Soaring Tennessee home prices push American Dream out of reach for many, study finds (Tennessean) A key pillar of the American Dream is increasingly out of reach in Tennessee as housing costs swell and residents face a greater shortage of affordable homes than in most states, according to new research. The state’s housing challenges are detailed in a report released Tuesday by ThinkTennessee, the moderate public policy research organization, and the Tennessee Housing and Development Agency.

Communities across Middle Tenn. turn out for National Night Out Against Crime (WKRN-TV) Hundreds of families in Nashville, Murfreesboro, Franklin and beyond came out to see their neighbors, meet the police officers who patrol their streets, eat together, pray together and have a good time together. The focus of the night was on fighting crime and keeping the community safe. What many community leaders have learned over the years  – working together is important. “We need the help of the community. We need the interaction,” said Metro Nashville Police Chief Steve Anderson. “We want them to know us. We want them to know each other.” If you’ve never been to a National Night Out event, enjoy the video to see what you’re missing.


David Waters: All of us should witness Irick’s execution (Commercial Appeal) The state of Tennessee is preparing to execute Billy Ray Irick on Thursday. Actually, you and I are planning to execute Irick on Thursday. Why are we not all there to witness it? Whatever your views on capital punishment, however just or unjust you find Irick’s fate, you and I are legally and morally responsible for Irick’s execution. Not the long-suffering family of 7-year-old Paula Dyer, the child Irick — who was a trusted family friend — raped and murdered 33 years ago in her home in Knox County. Not the prosecutor or defense attorney or judge or jury that presided over Irick’s trial, conviction and death sentence 32 years ago.

Guest column: Billy Irick should not be executed (Tennessean) The State of Tennessee is scheduled to carry out its first execution since 2009 on Thursday. That is a grave mistake, and probably unconstitutional. The man who is to be executed, Billy Irick, raped and killed a child. That is obviously a horrible act. But Irick was severely mentally ill at the time of the crime. In fact, Irick has a long, documented history of serious mental problems up to and including the day of the offense, virtually none of which, unfortunately, was presented to the jury that convicted and sentenced him.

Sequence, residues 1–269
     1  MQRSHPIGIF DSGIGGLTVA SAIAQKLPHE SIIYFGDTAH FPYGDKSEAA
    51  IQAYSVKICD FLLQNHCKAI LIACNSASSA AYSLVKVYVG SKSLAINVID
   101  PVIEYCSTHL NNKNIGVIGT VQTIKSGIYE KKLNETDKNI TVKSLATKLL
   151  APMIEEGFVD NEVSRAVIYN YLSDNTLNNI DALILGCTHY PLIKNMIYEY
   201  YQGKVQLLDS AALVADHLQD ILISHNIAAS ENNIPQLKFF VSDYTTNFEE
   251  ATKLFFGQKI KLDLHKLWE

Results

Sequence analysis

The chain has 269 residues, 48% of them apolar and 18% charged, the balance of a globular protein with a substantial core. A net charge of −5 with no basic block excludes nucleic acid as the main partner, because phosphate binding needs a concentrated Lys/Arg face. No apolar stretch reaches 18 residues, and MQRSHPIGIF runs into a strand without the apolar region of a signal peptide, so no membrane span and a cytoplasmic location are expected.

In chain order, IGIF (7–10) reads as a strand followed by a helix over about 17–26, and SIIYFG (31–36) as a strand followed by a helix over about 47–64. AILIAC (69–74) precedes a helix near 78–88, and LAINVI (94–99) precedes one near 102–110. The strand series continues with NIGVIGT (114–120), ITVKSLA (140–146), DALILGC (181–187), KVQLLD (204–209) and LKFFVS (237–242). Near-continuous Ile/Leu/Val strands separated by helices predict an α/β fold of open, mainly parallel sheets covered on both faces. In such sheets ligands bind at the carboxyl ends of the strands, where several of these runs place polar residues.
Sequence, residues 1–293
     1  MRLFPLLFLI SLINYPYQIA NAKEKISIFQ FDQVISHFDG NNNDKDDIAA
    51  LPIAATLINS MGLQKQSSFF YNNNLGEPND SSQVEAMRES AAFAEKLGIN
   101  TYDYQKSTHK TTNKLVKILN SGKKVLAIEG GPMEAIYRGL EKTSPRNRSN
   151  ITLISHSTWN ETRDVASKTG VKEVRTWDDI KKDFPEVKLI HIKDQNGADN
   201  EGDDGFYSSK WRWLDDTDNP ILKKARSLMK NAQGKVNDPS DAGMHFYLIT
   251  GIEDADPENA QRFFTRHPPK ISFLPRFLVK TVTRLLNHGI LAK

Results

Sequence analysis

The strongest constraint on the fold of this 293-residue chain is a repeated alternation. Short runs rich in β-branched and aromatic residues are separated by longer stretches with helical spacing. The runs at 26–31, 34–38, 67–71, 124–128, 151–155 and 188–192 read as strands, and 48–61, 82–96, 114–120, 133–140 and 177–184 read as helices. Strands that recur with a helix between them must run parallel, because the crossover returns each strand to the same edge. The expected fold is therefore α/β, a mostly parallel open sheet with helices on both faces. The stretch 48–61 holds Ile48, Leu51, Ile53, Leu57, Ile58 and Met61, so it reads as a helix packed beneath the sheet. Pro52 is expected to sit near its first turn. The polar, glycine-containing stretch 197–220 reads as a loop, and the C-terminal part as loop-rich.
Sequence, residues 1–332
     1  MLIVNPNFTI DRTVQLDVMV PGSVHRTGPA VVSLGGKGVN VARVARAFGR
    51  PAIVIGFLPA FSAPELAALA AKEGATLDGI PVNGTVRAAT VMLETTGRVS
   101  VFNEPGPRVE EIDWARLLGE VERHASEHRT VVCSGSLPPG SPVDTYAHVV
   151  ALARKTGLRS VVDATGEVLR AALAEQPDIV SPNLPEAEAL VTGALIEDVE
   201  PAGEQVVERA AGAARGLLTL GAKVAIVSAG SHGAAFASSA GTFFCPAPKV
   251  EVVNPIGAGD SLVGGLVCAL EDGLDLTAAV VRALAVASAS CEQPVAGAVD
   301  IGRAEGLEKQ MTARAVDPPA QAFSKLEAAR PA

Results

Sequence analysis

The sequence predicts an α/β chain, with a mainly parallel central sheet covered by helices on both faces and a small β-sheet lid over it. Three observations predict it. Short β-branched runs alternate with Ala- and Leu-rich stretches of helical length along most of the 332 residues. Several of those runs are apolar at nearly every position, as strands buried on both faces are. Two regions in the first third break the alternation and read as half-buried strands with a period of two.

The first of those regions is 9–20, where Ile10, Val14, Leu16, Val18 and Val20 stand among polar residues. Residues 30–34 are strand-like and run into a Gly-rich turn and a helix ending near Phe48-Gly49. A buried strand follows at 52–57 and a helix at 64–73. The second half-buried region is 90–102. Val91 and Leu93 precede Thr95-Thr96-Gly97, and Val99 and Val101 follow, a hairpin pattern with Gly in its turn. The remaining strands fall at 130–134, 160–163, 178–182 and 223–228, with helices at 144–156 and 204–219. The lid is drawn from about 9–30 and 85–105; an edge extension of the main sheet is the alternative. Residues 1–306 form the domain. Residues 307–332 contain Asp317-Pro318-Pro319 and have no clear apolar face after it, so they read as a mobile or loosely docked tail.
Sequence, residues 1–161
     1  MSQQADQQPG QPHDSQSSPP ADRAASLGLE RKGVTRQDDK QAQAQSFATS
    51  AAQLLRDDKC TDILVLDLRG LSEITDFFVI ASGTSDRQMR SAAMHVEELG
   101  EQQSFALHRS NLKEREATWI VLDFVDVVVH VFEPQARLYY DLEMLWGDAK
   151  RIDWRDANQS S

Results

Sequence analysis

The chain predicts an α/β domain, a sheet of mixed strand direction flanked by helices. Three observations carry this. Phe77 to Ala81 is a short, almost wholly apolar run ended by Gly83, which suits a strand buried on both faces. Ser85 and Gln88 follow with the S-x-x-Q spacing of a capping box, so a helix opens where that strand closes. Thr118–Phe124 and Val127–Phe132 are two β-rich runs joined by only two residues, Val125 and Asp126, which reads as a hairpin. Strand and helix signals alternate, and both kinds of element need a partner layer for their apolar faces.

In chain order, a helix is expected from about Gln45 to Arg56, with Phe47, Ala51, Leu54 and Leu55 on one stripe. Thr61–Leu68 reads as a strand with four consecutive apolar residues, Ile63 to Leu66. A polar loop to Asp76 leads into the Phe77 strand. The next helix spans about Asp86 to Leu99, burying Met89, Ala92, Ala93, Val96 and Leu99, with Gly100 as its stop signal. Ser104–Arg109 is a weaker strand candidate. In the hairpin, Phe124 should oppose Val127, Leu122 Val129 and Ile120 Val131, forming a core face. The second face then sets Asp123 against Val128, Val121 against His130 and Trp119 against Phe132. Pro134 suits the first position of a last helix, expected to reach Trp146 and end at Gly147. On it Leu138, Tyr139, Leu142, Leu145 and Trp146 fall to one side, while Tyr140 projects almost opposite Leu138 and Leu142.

Guest column: Let Blackburn help Trump with vets (Times Free Press) I served in combat on the rivers in Vietnam with the U.S. Navy, and now I serve my fellow veterans as the quartermaster of Veterans of Foreign Wars Post 1289 here in Chattanooga. We have about 400 members, all of whom have served our country faithfully over the past several decades … President Trump is working to make the necessary changes that the Obama administration put off for too long, but he cannot do it alone. He needs senators and congressmen who are willing to work with him to get the job done. That’s precisely why I joined with a 1,000 veterans across the state in a coalition in support of Marsha Blackburn.

Pam Sohn: GOP preaches unity, but slaps Bredesen for it (Times Free Press) If we thought local GOP politics got nasty in the primary, we probably haven’t really seen nasty yet. Witness the dialogue from the Monday’s Pachyderm “unity” meeting. It was a come-to-your-Republican-Jesus meeting with U.S. Rep. Chuck Fleischmann, Tennessee Sen. Bo Watson, Hamilton County party Chairwoman Marsha Yessick hoisting the “unity” flag and urging the faithful to support with words, action and money — especially money — the GOPers on the ballot in November. By their own words, they have to help Donald Trump achieve his agenda.

Clint Cooper: Bredesen deceptive out of the box (Times Free Press) Well, that didn’t take long. Only several days removed from a Tennessee gubernatorial campaign in which the two leading Republican contenders beat each other to death with negative and deceptive advertising and allowed a third eminently qualified candidate to win the nomination, Phil Bredesen’s Democratic campaign for U.S. Senate showed it was not above such deceptive advertising. On Monday, the campaign, which had previously employed well-done ads in which the former Tennessee governor talked moderately and said earnestly he was “applying for the job,” released a commercial in which some Republicans who don’t support him are shown saying kind things about him.